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Dr Cassandra Miller (1976) is a Canadian composer of vocal, chamber and orchestral music, living in London, UK. Her notated compositions (About Bach, Duet for Cello and Orchestra, Philip the Wanderer, etc.) explore transcription as a creative process, through which the expressive vocal qualities of pre-existing music are both magnified and transfigured. Her non-notated compositions (So Close, Tracery) take the form of extended collaborations with solo musicians. Using an approach that combines automatic singing and mimicry, Miller creates vulnerable and hospitable spaces for deep listening.

Honours include the Jules-Léger Prize for New Chamber Music, Canada’s highest recognition for composition, which she received twice—for Bel Canto in 2011 and About Bach in 2016. Two recent releases by the Another Timbre label have received wide acclaim, including a four-star review in the Guardian and inclusion on New Yorker’s Ten Notable Recordings of 2018. In 2019, About Bach received a nomination for the Classical Composition of the Year Juno Award. The Duet for Cello and Orchestra written for Charles Curtis and the BBC Scottish Symphony Orchestra was hailed as one of the ‘best classical music works of the 21st century’ (The Guardian, 2019). 

Her works are often written with specific performers in mind, involving their intimate participation in the creative process. Her closest collaborators in this fashion have included soprano Juliet Fraser, the Quatuor Bozzini, conductor Ilan Volkov, cellist Charles Curtis, pianist Philip Thomas, violinist Silvia Tarozzi, violinist Mira Benjamin, and violist Lawrence Power. Pieces written expressly for them have been toured and performed across the UK, Netherlands, Belgium, Germany, Austria, Italy, Norway, Uruguay, the United States and Canada.

Notable performers include the BBC Scottish Symphony Orchestra, the Barcelona Symphony Orchestra, the Oslo Philharmonic, EXAUDI Vocal Ensemble, the London Sinfonietta, I Musici de Montréal, Ensemble Plus-Minus, the late great Ensemble Kore, Apartment House, Continuum Contemporary Music, the Toronto Symphony Orchestra and the Winnipeg Symphony Orchestra. Festivals and venues featuring her music have included Monday Evening Concerts (Los Angeles), Tectonics Glasgow, Huddersfield Contemporary Music Festival, l’Auditori (Barcelona), Angelica Festival (Bologna), Archipel (Geneva), Only Connect Oslo, Ostrava Days, World Music Days (Ljubljana), Music we’d like to hear (London), Kammer Klang (Café OTO, London), Transit (Leuven), Music on Main (Vancouver), and Núcleo Música Nueva de Montevideo, among many others.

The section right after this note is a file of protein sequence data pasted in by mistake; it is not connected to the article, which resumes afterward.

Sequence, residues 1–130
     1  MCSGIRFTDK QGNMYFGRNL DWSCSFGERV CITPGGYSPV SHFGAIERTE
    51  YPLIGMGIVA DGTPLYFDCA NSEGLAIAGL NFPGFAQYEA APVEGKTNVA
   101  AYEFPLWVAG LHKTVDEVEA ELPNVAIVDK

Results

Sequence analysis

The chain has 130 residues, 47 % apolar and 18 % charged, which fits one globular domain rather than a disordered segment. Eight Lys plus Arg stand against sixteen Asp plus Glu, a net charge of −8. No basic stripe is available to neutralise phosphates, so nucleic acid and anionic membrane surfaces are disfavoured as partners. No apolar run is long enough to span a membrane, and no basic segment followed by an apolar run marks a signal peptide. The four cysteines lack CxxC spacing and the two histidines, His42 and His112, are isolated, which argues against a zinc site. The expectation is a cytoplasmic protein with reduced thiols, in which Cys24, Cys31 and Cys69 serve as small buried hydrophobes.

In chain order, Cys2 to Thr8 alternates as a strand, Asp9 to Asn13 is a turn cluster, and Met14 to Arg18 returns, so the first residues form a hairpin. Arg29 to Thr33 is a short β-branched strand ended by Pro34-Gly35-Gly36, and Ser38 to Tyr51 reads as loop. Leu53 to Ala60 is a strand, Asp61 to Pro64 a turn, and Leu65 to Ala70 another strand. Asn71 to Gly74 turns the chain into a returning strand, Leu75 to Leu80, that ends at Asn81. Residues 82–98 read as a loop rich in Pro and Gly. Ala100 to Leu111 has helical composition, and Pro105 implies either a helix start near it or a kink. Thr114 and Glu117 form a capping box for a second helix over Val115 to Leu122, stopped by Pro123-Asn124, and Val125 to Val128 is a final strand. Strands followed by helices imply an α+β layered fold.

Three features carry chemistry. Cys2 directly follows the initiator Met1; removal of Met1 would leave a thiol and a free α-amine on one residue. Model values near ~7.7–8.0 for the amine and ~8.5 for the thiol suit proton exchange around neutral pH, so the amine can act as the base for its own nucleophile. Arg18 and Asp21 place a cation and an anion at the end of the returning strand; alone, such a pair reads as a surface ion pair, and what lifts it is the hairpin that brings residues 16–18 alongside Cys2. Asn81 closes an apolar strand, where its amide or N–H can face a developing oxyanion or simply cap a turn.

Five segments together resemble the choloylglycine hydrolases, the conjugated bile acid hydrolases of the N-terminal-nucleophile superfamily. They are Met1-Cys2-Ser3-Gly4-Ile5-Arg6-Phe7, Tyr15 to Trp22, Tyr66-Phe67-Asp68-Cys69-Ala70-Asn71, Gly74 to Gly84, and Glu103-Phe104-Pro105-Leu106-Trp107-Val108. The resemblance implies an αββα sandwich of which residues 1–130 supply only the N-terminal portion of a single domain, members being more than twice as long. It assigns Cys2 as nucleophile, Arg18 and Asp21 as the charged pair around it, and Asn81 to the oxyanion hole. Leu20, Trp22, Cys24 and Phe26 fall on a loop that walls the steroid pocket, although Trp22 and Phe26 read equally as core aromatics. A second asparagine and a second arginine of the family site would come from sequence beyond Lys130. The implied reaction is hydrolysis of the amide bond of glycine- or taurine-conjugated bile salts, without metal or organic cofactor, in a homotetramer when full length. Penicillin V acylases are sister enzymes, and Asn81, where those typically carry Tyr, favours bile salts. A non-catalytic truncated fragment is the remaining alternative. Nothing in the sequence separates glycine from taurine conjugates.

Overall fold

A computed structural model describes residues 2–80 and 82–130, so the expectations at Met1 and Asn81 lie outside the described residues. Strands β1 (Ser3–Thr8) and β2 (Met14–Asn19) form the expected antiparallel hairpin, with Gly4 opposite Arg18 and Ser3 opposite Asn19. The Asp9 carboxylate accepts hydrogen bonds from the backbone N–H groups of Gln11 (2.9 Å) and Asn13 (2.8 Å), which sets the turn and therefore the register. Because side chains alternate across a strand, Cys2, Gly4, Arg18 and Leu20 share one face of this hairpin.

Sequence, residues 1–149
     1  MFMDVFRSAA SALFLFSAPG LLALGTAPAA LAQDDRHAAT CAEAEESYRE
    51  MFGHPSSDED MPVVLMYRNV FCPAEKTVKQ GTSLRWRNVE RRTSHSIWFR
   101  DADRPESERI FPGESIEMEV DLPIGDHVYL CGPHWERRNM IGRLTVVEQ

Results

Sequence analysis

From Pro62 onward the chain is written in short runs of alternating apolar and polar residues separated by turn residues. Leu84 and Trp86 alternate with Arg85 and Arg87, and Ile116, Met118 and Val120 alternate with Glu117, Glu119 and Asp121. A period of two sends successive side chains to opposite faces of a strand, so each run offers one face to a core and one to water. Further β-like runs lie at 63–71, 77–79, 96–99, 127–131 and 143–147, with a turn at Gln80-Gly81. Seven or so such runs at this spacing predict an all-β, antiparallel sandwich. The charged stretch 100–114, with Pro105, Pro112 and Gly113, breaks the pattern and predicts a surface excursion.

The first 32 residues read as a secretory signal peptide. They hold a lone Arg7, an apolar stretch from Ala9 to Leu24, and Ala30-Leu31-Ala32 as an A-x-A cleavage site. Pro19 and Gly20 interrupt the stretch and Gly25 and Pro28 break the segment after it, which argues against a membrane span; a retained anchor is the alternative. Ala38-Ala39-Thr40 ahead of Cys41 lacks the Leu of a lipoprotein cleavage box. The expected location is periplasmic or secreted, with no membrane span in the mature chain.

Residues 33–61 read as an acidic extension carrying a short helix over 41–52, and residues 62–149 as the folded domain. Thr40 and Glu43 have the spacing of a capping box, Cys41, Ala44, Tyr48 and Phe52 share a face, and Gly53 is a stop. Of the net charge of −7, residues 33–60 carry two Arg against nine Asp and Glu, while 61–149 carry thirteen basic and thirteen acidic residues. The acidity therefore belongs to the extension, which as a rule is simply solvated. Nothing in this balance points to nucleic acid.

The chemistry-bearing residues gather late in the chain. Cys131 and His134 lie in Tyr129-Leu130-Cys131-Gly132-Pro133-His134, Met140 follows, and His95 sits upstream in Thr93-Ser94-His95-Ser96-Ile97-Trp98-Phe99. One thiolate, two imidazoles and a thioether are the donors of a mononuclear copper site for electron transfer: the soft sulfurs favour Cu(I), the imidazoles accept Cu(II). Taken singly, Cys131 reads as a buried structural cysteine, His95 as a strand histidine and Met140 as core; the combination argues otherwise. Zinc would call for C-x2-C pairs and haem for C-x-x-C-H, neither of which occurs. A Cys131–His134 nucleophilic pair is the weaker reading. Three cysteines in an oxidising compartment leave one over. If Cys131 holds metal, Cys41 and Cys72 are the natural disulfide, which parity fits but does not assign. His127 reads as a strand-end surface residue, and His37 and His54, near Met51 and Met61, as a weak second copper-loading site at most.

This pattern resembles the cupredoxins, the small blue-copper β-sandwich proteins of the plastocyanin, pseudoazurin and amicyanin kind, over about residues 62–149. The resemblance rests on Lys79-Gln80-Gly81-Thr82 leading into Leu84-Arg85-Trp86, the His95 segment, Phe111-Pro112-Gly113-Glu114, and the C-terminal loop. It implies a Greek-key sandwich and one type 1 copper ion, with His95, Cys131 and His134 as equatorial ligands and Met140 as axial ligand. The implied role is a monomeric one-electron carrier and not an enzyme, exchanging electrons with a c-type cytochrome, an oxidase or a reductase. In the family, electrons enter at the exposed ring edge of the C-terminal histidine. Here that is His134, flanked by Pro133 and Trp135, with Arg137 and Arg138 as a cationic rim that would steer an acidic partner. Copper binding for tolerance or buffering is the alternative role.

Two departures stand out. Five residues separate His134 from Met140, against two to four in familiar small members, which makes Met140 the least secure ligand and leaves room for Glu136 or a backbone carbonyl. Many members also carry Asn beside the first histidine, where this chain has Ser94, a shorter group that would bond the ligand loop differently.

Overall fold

Teaching takes a central role in her artistic life. As Associate Head of Composition from 2018 to 2020, she led the undergraduate composition program at the Guildhall School of Music & Drama. Her teaching philosophy prioritises inclusivity and diversity, and questions notions of canonisation. Previously, she taught composition modules at the University of Huddersfield (2014-16) and the University of Victoria (2008-09).

Miller has been invited as a visiting teacher and to give lectures about her work in the USA at Stanford University, Columbia University, and CalArts; in the UK at the Royal Academy of Music, Bath Spa University Centre for Musical Research, Birmingham Conservatoire, Centre for Research in New Music in Huddersfield, and Brunel University; in Canada at McGill University, the University of Manitoba, the Montreal Contemporary Music Lab, Winnipeg’s Cluster New Music and Integrated Arts Festival, and the Open Space Gallery of Victoria. In Europe she has taught at the Orkest de Ereprijs Young Composers Meeting (NL), and the Mixtur Workshop of Composition and Sound Experimentation (Spain – upcoming, Sept/Oct 2021, info here).

Her doctoral research at the University of Huddersfield (supervisor Dr Bryn Harrison, 2018) explored transcription and other transformation methods as compositional processes, and compositional engagements with varied notions of voice and vocality. In 2012, she studied privately with Michael Finnissy, whose impact continues to have a deep effect on her work. She holds a Master of Music from the Royal Conservatory of the Hague (2008, Richard Ayres, Yannis Kyriakides), where she explored narratology and narrative as tools for musical analysis. She holds a Bachelor of Music from the University of Victoria (2005), where she studied with Christopher Butterfield, whose radical pedagogical inclusivity and Dada-inspired artistic insight remain crucial foundations for her work to date.

From 2010 to 2013, she held the post of Artistic and General Director of Innovations en concert, a not-for-profit presenter of experimental chamber music concerts and festivals in Montreal. Under her directorship, the organisation championed unusual programming, commissioned major new works, and became known for its support of young freelancers, building international connections for many Quebec artists.


Resources:

Doctoral thesis:

About collaborative (non-notated) composition:

About notated compositions: